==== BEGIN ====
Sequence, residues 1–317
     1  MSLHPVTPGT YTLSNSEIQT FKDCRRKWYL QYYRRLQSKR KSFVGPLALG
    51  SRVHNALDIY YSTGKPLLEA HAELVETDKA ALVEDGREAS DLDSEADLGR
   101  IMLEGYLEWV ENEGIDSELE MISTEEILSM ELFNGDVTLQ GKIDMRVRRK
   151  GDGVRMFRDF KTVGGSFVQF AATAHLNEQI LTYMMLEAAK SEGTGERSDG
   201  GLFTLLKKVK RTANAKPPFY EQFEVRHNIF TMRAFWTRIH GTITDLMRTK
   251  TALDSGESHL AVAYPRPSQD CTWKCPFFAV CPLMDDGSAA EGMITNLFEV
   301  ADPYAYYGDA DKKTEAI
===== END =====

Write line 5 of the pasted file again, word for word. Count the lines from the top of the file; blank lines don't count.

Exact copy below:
   151  GDGVRMFRDF KTVGGSFVQF AATAHLNEQI LTYMMLEAAK SEGTGERSDG